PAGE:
The German Association of the Automotive Industry (VDA) is standing by Paris climate protection plan goals to drive the CO2 transformation forward with innovations and investments.
According to VDA, the European fleet regulation is a central instrument on the way to climate neutrality in the transport sector.
“The draft law presented today [14 February 2023] by the European Commission on fleet regulation for heavy commercial vehicles is extremely ambitious in view of the charging and hydrogen infrastructure – which has unfortunately been insufficient up to now,” said VDA President, Hildegard Müller.
“The EU is significantly tightening the CO2 limits without adopting the necessary accompanying measures. Those measures should have ensured that alternative drives can actually be ramped up.
“Without speed and determination concerning the necessary framework conditions, in particular the corresponding infrastructural investments, the goal will hardly be achievable.”
With the new fleet targets, more than 98 per cent of heavy goods traffic will be regulated with regard to CO2 emissions from 2030 onwards.
The VDA said with the 90 per cent reduction in the fleet limit planned for 2040 compared to 2019, the EU Commission now wants to set very ambitious goals.
“As an intermediate stage, it should already be 45 per cent in 2030 and a sporty 65 per cent is set for 2035,” the association said in a statement.
“The potential for avoiding CO2 emissions through emission-free heavy goods traffic is enormous – heavy trucks and buses currently emit around a third of the CO2 emissions in road traffic.”
According to Müller, charging and hydrogen filling stations is crucial for success.
“In order for ambitious goals to actually be achieved, a sufficiently dense network of charging and hydrogen filling stations for heavy commercial vehicles throughout Europe is a necessary prerequisite – in addition to a sufficient range of vehicles, which we are committed to,” she said.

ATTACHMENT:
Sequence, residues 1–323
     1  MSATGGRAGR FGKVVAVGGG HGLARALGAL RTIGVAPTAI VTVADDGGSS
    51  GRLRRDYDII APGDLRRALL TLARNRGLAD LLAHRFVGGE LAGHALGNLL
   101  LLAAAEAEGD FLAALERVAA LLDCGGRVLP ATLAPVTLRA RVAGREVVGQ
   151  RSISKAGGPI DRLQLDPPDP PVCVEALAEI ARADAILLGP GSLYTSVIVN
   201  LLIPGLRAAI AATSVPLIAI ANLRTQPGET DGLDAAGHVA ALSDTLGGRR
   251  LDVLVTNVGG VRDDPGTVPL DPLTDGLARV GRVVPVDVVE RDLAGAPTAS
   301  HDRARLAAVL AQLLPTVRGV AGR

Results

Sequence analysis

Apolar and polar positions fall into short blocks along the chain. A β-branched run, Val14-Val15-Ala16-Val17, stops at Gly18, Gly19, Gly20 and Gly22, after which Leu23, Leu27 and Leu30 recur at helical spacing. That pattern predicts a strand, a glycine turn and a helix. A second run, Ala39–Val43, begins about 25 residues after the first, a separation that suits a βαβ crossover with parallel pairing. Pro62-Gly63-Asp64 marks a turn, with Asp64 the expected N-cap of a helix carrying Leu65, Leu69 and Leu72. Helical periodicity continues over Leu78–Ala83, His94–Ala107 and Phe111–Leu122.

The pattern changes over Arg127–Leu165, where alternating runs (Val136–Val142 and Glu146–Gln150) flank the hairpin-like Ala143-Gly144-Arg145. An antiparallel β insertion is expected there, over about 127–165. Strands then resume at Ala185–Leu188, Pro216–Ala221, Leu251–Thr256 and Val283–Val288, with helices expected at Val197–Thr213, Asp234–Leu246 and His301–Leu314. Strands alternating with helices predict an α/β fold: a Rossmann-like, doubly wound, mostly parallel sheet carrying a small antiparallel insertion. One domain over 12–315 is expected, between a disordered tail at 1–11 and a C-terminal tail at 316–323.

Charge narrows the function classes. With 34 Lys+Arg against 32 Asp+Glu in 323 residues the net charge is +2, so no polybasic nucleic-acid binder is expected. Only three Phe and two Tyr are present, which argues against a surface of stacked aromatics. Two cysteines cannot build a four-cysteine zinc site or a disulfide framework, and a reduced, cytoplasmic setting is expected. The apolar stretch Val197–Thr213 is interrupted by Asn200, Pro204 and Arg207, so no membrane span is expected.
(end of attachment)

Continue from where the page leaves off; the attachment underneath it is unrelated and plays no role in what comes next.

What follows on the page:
“This is currently all but available. It is therefore all the more problematic that the EU Commission’s Alternative Fuels Infrastructure Regulation (AFIR) is far too sluggish.
“As long as it is not clear when there is a sufficient, publicly accessible charging and refuelling network for the heavy vehicle classes in long-distance transport, the desired CO2 reduction targets and the dates for phasing out combustion engines for heavy commercial vehicles are purely symbolic.”
Müller also believes freight forwarders and transport companies need incentives.
“A comprehensive fleet renewal towards CO2 emission-free vehicles may come about if sufficient incentives are created for freight forwarders and transport companies, such as subsidies, toll exemptions and tax breaks for zero-emission trucks and buses,” she said.
“This is the only way to encourage and enable freight forwarders and transport companies to sufficiently invest in CO2 emission-free vehicles.”
The amendment to the law introduced by the EU Commission will replace the previously applicable CO2 limits for 2030.
Müller suggested the target tightening should be final this time in order to give manufacturers planning security.
“The EU should therefore establish a regular monitoring process to check whether the ramp-up of electromobility can succeed,” she said.
“If necessary, specific measures can then be taken. Above all, criteria such as the ramp-up of the charging and hydrogen refuelling infrastructure or the availability of raw materials must be taken into account.”
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